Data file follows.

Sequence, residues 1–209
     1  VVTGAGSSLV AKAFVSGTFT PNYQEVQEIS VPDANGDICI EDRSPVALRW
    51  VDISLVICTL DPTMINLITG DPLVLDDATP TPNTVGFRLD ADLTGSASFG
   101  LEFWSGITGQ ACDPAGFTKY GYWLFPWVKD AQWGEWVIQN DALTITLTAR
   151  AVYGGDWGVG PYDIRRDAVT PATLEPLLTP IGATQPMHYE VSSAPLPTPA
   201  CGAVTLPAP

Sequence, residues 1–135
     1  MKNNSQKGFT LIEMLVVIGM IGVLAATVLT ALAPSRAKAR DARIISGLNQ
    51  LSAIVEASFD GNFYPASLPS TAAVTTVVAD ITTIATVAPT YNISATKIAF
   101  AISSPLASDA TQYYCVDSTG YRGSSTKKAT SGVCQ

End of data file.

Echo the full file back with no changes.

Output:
Sequence, residues 1–209
     1  VVTGAGSSLV AKAFVSGTFT PNYQEVQEIS VPDANGDICI EDRSPVALRW
    51  VDISLVICTL DPTMINLITG DPLVLDDATP TPNTVGFRLD ADLTGSASFG
   101  LEFWSGITGQ ACDPAGFTKY GYWLFPWVKD AQWGEWVIQN DALTITLTAR
   151  AVYGGDWGVG PYDIRRDAVT PATLEPLLTP IGATQPMHYE VSSAPLPTPA
   201  CGAVTLPAP

Sequence, residues 1–135
     1  MKNNSQKGFT LIEMLVVIGM IGVLAATVLT ALAPSRAKAR DARIISGLNQ
    51  LSAIVEASFD GNFYPASLPS TAAVTTVVAD ITTIATVAPT YNISATKIAF
   101  AISSPLASDA TQYYCVDSTG YRGSSTKKAT SGVCQ